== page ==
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FDHUM 214

Modern Arts & Propaganda

This course will focus on the use of propaganda, art, and other forms of persuasion starting with the Modern Era (approximately post-1860) and continuing to the present. Students will experience this topic through various social issues and cultural influences from around the world, including the visual, performing, and literary arts. This course emphasizes the development of aesthetic judgment and critical thinking.


Course Outcomes

  • Understand how knowledge of the humanities can enrich their lives life and help them become thinking, intelligent people. Becoming familiar with cognitive learning that is not always fact-based can expand understanding of the human experience, as well as increase empathy and spirituality.
  • Appreciate that the humanities are a manifestation of the times--specifically, how the arts reveal much about history, culture, religion, and ideology. Be able to identify and describe a variety of modern art forms and genres in the arts and letters, placing various artworks in cultural and historical context.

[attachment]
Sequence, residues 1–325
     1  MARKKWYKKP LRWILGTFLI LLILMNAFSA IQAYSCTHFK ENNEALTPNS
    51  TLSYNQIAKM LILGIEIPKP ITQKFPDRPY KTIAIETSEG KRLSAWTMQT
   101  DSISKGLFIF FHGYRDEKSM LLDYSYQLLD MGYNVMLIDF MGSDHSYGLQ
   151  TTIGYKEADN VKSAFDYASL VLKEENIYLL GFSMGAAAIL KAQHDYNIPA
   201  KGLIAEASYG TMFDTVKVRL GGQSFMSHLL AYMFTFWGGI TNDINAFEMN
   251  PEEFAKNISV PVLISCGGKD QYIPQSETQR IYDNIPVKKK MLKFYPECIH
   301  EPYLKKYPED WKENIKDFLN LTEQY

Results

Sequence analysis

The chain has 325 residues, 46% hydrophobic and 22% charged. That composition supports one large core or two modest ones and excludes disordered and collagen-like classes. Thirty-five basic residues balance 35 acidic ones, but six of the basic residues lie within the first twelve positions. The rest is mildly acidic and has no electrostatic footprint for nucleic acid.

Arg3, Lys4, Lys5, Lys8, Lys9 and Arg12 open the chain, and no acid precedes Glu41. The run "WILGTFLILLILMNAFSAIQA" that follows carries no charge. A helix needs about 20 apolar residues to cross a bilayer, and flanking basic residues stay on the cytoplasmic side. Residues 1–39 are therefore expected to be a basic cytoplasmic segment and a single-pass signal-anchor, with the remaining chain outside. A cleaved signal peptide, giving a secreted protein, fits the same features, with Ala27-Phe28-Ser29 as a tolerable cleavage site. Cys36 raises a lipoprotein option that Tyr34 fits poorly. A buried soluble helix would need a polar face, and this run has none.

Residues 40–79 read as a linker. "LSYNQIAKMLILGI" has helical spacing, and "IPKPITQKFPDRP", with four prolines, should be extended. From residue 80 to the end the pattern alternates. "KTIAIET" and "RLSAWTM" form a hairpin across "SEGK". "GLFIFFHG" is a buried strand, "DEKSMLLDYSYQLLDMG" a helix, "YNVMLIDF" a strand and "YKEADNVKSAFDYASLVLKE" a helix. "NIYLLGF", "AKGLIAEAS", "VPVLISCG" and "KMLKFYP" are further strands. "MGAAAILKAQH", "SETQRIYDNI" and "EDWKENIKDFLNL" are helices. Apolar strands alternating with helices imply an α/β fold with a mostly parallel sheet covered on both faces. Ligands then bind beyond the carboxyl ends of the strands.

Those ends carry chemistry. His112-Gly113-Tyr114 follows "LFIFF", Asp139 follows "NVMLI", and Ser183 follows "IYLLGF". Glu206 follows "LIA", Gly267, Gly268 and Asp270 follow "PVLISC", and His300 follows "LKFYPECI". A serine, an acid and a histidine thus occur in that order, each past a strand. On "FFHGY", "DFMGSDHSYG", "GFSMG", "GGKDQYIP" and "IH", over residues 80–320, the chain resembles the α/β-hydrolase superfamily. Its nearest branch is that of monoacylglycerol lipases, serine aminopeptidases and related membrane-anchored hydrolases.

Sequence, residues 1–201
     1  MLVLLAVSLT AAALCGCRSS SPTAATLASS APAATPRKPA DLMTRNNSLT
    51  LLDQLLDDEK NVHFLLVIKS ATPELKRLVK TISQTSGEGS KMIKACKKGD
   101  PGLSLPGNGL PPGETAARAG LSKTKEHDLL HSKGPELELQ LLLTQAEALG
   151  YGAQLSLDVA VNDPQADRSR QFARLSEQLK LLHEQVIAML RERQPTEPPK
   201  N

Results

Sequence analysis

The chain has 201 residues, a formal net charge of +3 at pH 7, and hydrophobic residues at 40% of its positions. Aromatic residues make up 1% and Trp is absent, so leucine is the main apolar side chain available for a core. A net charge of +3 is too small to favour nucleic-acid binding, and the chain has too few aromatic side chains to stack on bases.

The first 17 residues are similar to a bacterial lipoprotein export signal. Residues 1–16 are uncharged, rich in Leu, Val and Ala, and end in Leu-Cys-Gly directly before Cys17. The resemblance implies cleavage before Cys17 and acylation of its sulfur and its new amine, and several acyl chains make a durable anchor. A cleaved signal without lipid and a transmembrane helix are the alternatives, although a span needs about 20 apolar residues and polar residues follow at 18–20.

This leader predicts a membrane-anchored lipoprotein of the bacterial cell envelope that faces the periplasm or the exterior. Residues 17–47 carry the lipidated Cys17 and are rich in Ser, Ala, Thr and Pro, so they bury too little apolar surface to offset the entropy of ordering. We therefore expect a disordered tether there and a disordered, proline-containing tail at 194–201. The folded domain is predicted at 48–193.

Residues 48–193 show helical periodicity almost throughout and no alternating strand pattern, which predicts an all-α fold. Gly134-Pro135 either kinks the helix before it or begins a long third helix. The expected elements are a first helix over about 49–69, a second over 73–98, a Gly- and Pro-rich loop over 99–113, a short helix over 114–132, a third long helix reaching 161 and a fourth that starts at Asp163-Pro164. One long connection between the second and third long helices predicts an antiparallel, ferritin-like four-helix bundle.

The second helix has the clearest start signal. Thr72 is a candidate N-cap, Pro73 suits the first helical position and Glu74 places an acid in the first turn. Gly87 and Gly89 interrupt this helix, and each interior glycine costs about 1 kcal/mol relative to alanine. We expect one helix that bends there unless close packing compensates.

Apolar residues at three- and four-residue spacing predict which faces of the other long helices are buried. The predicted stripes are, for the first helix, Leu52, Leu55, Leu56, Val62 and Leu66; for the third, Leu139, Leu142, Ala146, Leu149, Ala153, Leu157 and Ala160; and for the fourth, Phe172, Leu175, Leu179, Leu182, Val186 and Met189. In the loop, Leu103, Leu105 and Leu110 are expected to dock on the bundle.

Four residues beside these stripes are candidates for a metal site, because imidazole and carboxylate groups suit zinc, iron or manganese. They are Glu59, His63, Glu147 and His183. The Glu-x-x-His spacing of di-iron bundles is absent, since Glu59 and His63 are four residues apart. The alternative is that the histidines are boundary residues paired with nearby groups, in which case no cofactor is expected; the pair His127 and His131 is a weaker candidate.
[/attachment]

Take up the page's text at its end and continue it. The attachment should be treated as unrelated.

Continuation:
• Acquire the tools needed to help evaluate the meanings, messages, quality, and agendas found in the arts and propaganda. Identify the uses, characteristics, and value of propaganda and persuasion, both good and bad. Develop the ability to analyze institutional, cultural, and personal bias.
  • Become familiar with major composers, artists, writers, movements, cultures, and historical events in Western and non-Western cultures, including their concerns, issues, arts, ideas, religion, and values as manifest through the humanities.
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Hours:

3.0 Credits

Prerequisites:

None

Format:

Lecture

Track:

Fall, Winter, Spring